Here’s a look at some of the most popular forms of outdoor exercise and how you may want to incorporate them into your dog’s routine.
This traditional form of exercise is a great way to get your dog back in the action with limited stress on his body, and it’s a good activity for dogs of almost any age. Walking is also a great relationship builder. Because it’s a pack activity, it brings you and your dog closer while it helps your health. Best of all, you can do it pretty much anywhere. If you have already introduced your dog and your horse (see our previous blog on that topic) and you have access to a safe environment (a dirt road, field or back pasture), consider taking your equine friend out walking with you.
While jogging is a fast way to burn off excess energy, it’s not for every dog. He has to be physically mature and able to easily keep up and adjust his pace to yours. If you are doing more than a few miles (especially on a warm day), you should probably do a short loop with your dog, drop him off at home, and then continue. Remember, it’s important to build up slowly. Also note that constant pavement pounding can put unnecessary strain on your dog’s body. This is especially damaging if he is a young dog and has yet to fully develop, which is why this form of exercise is not recommended for dogs under eighteen months.
If you’re lucky enough to have safe hiking trails close to home, take advantage of them. Light hiking has an advantage over walking, jogging, or biking because there is no steady rhythmic pounding on a hard surface and your dog can usually move out at his own pace. As a bonus, you can often let your dog enjoy some off-leash freedom along the trails, which probably means he’ll end up covering more miles than you do.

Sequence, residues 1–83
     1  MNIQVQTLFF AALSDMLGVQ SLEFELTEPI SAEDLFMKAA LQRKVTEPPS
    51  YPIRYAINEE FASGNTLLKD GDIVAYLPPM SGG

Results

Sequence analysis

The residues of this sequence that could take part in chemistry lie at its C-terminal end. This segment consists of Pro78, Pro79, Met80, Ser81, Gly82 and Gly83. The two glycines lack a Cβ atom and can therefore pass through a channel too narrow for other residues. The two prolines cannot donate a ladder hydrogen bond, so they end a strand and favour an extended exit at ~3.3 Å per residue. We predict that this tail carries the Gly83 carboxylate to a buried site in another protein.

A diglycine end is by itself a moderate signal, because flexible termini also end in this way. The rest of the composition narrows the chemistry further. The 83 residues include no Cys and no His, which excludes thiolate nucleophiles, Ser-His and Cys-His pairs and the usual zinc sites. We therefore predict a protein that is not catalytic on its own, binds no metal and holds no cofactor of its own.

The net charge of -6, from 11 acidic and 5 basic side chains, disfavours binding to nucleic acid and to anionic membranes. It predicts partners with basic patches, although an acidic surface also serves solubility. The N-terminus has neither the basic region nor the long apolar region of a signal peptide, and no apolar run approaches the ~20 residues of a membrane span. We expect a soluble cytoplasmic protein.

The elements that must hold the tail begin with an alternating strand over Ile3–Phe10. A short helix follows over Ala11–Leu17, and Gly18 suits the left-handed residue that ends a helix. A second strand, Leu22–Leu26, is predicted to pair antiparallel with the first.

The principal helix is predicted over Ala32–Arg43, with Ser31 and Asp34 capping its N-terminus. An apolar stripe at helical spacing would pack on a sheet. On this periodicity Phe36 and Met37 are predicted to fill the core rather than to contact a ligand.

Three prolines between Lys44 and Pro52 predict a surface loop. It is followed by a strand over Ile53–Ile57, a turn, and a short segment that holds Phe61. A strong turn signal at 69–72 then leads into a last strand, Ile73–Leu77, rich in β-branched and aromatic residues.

How much exercise?
Now that you’ve got several different types of exercise to try, let’s take a quick look at how much exercise your dog needs. Like horses, not all dogs require the same amount. Depending upon your dog’s age, breed, and health, the amount of daily exercise that your dog needs will vary. In general, the more energetic the breed, the more energy your dog needs to burn. But that doesn’t mean you can become complacent if you own a low-energy dog—he needs exercise, too!
Let’s sum it up
Regardless of how much exercise they need, it’s important to follow these simple suggestions:
- Start slow.
- Begin with short distances and short sessions.
- As your dog builds up stamina, can gradually increase the pace and the distance, but always end when the dog is still eager to do more.
- Don’t exercise in very hot weather or on hot surfaces. Even though it’s spring, a few hot days tend to sneak in. Be aware that exercise on hot pavement is not only uncomfortable for your dog, it can actually wear down his pads.
- Remember to bring clean water or know where you will have access to it.
- Vary the amount and type of exercise so you do not burn out your dog with repetition.
- Pay attention to your dog’s post-exercise behavior, watching for limping, symptoms of heat exposure, and other signs they have had more than enough. Even dogs in good shape need to be monitored and can benefit from supplemental care.
Whatever exercise activities you choose, have fun and enjoy all the benefits of a healthy, happy dog and an enjoyable, lifelong partnership!